Panarchy and community resilience: sustainability science and policy implications

Berkes, Fikret and Ross, Helen (2016) Panarchy and community resilience: sustainability science and policy implications. Environmental Science and Policy, 61 185-193. doi:10.1016/j.envsci.2016.04.004


Author Berkes, Fikret
Ross, Helen
Title Panarchy and community resilience: sustainability science and policy implications
Journal name Environmental Science and Policy   Check publisher's open access policy
ISSN 1873-6416
1462-9011
Publication date 2016-07-01
Year available 2016
Sub-type Critical review of research, literature review, critical commentary
DOI 10.1016/j.envsci.2016.04.004
Open Access Status Not Open Access
Volume 61
Start page 185
End page 193
Total pages 9
Place of publication New York, NY, United States
Publisher Elsevier
Collection year 2017
Language eng
Abstract How does the resilience concept of nested relationships (panarchy) contribute to sustainability science and policy? Resilience at a particular level of organization, the community level in our case, is influenced by internal processes at that level. But it is also impacted by actions at lower levels of organization (individuals, households), and by drivers of change originating at higher levels (national level policies, globalized market forces). We focus on community level social-ecological systems, looking upwards and downwards from there. Our objective is to explore the connections of the community to other levels, the ways in which community resilience is impacted, and the implications of this for sustainability. Conventional disciplines specialize at different levels, a barrier to investigating multi-level interactions. Use of the panarchy concept helps contribute to the interdisciplinary understanding of resilience at the community (and other levels) by drawing attention to cross-scale relationships. From the effect of individual leadership to the implication of pandemics that move swiftly across levels, examples illustrate a diversity of ways in which community resilience is shaped in a multi-level world.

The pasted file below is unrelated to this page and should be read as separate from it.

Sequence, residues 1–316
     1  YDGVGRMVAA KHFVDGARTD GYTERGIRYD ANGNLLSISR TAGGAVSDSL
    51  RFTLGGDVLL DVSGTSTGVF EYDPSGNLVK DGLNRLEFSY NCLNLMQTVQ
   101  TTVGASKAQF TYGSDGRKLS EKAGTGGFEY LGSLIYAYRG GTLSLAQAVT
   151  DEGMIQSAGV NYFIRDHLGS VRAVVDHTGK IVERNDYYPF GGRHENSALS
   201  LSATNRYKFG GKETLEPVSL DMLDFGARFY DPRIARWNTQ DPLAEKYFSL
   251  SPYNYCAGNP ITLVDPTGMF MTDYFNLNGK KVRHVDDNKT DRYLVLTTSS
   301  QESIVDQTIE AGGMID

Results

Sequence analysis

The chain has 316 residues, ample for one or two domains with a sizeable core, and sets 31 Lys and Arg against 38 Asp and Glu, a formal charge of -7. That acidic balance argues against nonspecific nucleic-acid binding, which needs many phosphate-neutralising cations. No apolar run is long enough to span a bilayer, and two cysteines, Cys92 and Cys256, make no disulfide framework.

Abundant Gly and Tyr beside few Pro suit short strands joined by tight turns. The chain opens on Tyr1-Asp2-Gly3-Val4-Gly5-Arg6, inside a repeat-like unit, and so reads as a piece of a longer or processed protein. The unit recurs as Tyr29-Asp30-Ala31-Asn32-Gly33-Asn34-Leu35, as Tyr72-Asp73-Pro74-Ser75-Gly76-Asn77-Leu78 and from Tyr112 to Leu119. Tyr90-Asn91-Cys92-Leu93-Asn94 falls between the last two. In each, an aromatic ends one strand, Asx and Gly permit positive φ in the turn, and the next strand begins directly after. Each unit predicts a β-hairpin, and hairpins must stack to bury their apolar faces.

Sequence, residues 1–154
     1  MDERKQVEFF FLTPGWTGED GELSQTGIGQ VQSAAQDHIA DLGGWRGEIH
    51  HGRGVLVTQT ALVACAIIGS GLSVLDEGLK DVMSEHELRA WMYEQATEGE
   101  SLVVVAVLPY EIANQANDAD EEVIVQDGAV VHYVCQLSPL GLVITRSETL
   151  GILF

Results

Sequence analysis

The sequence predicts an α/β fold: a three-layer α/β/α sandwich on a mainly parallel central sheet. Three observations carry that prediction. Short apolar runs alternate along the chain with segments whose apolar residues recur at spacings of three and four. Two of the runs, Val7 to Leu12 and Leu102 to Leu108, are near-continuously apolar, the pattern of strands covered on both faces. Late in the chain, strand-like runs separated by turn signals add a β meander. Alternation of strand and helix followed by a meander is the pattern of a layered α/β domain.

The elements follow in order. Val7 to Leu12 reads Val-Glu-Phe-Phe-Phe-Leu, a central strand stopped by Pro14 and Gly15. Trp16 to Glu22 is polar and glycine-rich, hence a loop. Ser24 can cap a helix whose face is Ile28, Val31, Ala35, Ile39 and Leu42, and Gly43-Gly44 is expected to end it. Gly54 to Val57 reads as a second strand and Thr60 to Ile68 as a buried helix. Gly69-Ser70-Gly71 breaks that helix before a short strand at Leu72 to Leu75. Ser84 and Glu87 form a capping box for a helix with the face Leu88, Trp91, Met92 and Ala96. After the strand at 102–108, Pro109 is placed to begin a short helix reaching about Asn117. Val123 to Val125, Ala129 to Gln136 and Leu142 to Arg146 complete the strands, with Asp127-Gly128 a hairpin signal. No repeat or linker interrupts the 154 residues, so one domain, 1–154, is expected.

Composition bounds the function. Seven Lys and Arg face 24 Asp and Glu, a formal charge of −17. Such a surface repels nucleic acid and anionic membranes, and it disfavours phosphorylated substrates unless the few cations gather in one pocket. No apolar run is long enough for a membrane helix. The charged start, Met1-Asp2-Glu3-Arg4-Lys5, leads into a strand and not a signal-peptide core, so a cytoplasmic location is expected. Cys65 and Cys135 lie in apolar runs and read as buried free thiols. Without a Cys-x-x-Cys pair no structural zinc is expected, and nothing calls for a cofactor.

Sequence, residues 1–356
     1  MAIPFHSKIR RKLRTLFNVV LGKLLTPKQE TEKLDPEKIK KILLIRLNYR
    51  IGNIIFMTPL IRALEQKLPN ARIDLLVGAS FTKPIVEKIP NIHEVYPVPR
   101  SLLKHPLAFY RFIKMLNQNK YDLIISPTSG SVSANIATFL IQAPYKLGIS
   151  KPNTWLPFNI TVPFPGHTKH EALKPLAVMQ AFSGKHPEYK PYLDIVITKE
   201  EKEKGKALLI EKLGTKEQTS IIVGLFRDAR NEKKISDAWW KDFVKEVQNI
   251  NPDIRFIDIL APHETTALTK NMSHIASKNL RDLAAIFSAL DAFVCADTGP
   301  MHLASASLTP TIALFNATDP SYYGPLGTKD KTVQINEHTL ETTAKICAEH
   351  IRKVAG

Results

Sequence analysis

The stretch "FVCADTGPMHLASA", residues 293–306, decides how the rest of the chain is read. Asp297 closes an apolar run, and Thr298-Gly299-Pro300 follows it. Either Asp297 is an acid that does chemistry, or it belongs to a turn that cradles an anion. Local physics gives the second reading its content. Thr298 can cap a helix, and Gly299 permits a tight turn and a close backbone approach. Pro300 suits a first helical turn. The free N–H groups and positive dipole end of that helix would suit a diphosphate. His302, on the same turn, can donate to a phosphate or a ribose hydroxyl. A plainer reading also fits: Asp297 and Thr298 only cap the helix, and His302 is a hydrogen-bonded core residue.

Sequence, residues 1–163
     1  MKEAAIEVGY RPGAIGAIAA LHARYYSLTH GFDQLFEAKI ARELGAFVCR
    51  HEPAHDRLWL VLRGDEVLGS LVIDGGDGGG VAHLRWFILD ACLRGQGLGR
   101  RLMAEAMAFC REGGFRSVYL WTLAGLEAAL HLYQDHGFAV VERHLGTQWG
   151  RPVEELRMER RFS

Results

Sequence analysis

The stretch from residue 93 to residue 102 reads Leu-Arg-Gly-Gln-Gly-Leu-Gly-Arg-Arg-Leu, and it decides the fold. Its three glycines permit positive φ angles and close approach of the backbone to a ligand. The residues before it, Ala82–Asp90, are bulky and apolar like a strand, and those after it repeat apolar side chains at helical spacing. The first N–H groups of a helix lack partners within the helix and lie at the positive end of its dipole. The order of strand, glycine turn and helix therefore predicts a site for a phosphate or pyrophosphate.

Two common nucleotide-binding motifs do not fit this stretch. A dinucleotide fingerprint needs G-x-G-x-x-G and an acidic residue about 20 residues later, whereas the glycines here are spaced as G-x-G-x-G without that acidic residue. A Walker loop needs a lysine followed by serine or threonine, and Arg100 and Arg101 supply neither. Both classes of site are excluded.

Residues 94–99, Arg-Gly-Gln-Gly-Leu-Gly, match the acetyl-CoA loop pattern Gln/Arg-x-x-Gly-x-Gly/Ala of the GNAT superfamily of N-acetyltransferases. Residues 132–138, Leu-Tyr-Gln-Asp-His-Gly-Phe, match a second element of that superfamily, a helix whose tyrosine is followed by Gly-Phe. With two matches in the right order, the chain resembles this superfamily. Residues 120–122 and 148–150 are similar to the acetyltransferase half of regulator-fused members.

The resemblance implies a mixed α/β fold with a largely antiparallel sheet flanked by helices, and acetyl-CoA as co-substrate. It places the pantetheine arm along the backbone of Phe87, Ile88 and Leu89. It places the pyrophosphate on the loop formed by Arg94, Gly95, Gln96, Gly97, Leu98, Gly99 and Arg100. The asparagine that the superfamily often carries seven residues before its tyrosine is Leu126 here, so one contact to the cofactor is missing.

Keyword Drivers
Globalisation
Multi-level governance
Panarchy
Resilience
Social-ecological systems
Q-Index Code C1
Q-Index Status Provisional Code
Institutional Status UQ

Document type: Journal Article
Sub-type: Critical review of research, literature review, critical commentary
Collections: HERDC Pre-Audit
School of Agriculture and Food Sciences
 
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